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    mortality

    Steve, there seems to be mounting evidence that actual mortality could be considerably overstated. In Wuhan, it's coming in at around 1.4%. Hefty to be sure, but significantly less than we originally maybe thought. How much does this help move the needle? What you are hearing in the medical community?

    Just doing quick math, if we have 327 million people in the U.S., assume that we have half of them infected, or 164 million. If we can manage that mortality down to 1% possibly, we are at 1.64 million fatalities. That's a heck of a lot of people obviously still. Almost triple the number of cancer deaths per year.

    But is there not a thought/phenomenon that as people get infected, they then become immune and we actually start shutting down the spread by immunity?

    I would love to hear your thoughts.
    Never underestimate the power of stupid people in large groups.

    -George Carlin

    #2
    I know that DS has been quoting ~1% overall mortality, accounting for unreported/undetected cases. FWIW, the only mortality figures I've really seen are either 3% (of observed cases) and 1% (of assessed total cases). Still significantly higher than influenza, but not overwhelming by any stretch. What I haven't seen are mortality figures strictly within the "at risk" population (older or with chronic illnesses). Honestly, it's probably a goldilocks zone of mortality, and prevents the virus' mortality rate from burning itself out.

    I assume, like most diseases, immunity from exposure (the very basis of vaccination) will take effect at some point. However, I have seen a few random reports of individuals becoming reinfected, and the detected presence of a second related strain starting to make the rounds. In the Spanish Flu pandemic, the virus mutated into ~3 strains over the course of a couple years, which is what really caused alot of the major problems.
    "Praestantia per minutus" ... "Acta non verba"

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      #3
      Originally posted by TexasHusker View Post
      Steve, there seems to be mounting evidence that actual mortality could be considerably overstated. In Wuhan, it's coming in at around 1.4%. Hefty to be sure, but significantly less than we originally maybe thought. How much does this help move the needle? What you are hearing in the medical community?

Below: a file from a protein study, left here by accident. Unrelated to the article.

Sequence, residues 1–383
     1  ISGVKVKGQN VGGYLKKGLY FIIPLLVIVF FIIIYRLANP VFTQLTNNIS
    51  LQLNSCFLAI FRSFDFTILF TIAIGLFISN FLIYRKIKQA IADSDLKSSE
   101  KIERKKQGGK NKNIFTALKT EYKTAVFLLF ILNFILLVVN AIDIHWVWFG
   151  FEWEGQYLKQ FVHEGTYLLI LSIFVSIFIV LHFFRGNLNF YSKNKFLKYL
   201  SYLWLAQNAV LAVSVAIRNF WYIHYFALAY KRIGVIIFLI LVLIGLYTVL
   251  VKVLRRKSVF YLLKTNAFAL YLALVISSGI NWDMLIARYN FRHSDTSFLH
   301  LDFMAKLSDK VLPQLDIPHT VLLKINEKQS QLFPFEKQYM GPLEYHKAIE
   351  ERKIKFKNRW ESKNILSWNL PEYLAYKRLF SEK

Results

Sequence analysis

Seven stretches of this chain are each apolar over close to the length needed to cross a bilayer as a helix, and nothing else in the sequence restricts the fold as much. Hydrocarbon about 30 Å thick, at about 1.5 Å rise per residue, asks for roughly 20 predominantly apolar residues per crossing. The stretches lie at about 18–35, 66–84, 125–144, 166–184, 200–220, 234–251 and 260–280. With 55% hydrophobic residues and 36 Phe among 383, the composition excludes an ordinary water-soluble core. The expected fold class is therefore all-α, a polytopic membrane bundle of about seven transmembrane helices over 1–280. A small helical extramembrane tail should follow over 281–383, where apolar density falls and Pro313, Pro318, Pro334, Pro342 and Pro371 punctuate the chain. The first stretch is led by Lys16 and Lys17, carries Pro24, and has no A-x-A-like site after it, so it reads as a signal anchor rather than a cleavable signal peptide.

Just doing quick math, if we have 327 million people in the U.S., assume that we have half of them infected, or 164 million. If we can manage that mortality down to 1% possibly, we are at 1.64 million fatalities. That's a heck of a lot of people obviously still. Almost triple the number of cancer deaths per year.

      But is there not a thought/phenomenon that as people get infected, they then become immune and we actually start shutting down the spread by immunity?

      I would love to hear your thoughts.
      All the steps taken are to prevent overwhelming our hospitals, etc. It's difficult to calculate a mortality rate because the total, not confirmed cases is really a total unknown. You can have the Chinese virus and show no symptoms at all....ever.

      I work at a retirement community....tremendous steps are being taken daily to prevent an outbreak where at my workplace for example, the average age is well north of 70.
      Gunga galunga...gunga -- gunga galunga.

      Comment


        #4
        Originally posted by greenskeeper View Post
        You can have the Chinese virus
        You misspelled COVID 19.

        Let’s keep the racism off the site please.
        Steve

        * Despite the high cost of living, it remains very popular.
        * Why should I pay for my daughter's education when she already knows everything?
        * There are no shortcuts to anywhere worth going.

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          #5
          Originally posted by kork13 View Post